How Should a Nonfunctioning Pituitary Macroadenoma be Monitored After Debulking Surgery?

Yona Greenman; Naftali Stern


Clin Endocrinol. 2009;70(6):829-832. 

In This Article

The Problem of Lack of Secretory Markers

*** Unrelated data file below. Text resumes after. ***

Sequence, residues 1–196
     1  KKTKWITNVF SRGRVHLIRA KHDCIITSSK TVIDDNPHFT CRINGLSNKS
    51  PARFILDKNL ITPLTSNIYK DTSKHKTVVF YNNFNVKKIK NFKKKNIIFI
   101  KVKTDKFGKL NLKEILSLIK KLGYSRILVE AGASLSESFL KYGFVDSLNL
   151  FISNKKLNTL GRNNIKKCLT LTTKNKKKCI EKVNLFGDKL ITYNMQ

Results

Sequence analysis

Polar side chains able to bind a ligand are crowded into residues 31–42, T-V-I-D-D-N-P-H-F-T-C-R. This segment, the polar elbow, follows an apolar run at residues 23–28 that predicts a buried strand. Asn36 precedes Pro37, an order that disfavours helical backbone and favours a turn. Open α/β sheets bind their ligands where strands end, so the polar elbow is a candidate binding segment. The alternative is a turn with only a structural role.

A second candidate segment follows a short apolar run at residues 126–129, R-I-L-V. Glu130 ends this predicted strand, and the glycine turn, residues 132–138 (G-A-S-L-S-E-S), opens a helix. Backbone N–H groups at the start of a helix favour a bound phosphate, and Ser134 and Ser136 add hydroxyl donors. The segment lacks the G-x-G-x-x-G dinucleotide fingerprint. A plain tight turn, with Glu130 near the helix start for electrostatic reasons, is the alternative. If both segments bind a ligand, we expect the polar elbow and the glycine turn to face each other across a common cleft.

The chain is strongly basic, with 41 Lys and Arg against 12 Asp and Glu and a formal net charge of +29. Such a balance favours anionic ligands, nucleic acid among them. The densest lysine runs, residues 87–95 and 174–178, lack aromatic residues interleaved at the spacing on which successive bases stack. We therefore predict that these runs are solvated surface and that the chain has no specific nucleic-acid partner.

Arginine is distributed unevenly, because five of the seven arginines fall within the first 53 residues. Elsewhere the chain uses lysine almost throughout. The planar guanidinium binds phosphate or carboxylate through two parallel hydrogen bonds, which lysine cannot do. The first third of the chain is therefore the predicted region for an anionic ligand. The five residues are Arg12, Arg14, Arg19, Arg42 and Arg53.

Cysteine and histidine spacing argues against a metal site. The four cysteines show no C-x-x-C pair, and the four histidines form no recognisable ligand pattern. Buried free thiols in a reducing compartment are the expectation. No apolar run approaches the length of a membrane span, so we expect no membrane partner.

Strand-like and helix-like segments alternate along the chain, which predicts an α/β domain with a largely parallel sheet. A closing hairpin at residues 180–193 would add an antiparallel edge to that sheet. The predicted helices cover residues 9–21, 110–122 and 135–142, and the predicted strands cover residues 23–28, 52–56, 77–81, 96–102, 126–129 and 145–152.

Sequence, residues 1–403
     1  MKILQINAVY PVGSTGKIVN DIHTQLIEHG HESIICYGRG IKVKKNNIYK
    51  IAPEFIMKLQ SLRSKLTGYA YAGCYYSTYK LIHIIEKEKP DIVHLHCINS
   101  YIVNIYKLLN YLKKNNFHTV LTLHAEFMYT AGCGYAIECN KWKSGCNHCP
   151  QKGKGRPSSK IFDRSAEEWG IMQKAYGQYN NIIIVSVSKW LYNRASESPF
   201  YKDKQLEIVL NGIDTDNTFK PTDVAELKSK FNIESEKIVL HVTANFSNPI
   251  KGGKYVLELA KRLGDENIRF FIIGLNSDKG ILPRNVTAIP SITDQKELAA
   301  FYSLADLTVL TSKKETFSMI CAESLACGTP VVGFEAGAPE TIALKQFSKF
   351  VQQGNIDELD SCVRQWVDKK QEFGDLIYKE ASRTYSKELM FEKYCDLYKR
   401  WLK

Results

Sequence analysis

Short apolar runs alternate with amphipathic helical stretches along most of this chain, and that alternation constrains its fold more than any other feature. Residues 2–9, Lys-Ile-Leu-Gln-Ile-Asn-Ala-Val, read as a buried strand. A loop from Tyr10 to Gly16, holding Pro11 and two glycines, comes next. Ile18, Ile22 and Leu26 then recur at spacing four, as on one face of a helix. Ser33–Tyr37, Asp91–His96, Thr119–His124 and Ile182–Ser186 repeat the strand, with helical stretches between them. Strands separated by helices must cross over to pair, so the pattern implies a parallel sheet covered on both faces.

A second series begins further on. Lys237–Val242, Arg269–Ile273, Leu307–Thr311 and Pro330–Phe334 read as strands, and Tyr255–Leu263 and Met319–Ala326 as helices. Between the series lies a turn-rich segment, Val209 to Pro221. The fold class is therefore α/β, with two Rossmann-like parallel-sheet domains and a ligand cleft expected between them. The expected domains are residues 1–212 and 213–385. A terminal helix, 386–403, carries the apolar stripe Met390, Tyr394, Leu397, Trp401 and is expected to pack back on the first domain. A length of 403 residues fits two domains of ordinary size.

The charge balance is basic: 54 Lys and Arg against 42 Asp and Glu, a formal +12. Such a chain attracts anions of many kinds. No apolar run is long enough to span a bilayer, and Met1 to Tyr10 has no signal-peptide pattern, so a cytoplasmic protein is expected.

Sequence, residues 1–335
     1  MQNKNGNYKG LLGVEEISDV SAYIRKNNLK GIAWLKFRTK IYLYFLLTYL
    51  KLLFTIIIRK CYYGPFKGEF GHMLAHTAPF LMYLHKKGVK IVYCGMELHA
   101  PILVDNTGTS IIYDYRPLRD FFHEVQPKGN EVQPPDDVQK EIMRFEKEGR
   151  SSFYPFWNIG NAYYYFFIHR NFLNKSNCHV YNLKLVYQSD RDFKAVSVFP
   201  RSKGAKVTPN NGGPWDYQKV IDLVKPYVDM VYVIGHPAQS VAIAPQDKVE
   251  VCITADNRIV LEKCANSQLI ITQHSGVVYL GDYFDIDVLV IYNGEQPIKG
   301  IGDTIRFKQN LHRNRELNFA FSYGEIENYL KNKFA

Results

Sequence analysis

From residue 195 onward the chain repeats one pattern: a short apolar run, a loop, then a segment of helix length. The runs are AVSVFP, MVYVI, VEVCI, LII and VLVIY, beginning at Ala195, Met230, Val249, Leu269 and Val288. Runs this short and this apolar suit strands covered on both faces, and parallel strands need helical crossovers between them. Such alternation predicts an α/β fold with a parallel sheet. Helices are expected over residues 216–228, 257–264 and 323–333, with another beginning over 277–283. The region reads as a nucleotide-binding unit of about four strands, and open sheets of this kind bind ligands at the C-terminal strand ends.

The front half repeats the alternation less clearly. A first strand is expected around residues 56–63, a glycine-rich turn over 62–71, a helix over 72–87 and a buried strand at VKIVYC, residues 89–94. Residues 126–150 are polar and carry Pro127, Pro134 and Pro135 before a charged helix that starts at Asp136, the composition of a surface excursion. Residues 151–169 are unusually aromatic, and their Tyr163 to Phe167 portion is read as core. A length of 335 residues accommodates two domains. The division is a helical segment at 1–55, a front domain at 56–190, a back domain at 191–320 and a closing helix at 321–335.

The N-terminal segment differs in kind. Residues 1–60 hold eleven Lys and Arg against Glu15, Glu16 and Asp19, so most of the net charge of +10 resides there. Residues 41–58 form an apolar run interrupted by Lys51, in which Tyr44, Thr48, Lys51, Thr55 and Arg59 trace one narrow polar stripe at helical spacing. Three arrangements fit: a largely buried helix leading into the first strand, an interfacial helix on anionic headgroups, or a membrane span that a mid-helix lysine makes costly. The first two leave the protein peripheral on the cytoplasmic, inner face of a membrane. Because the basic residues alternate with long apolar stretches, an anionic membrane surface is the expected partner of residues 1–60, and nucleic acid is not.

In clinically functioning pituitary adenomas, circulating hormone levels are accurate tumour markers. Hence, the presence of elevated serum hormone concentration may indicate incomplete surgical resection or tumour recurrence even in face of an apparently normal imaging study. This important tool is lacking for the follow-up of most NFPA, as elevated gonadotropins are detected only in a minority of patients on basal conditions, and the TRH-induced increase in β-subunits is not a sufficiently reliable marker for the presence of residual tumour.[1] Consequently, detection of recurrence or residual tumour growth relies directly on imaging studies, or is indirectly based on appearance of new defects or deterioration of previously impaired visual and pituitary function.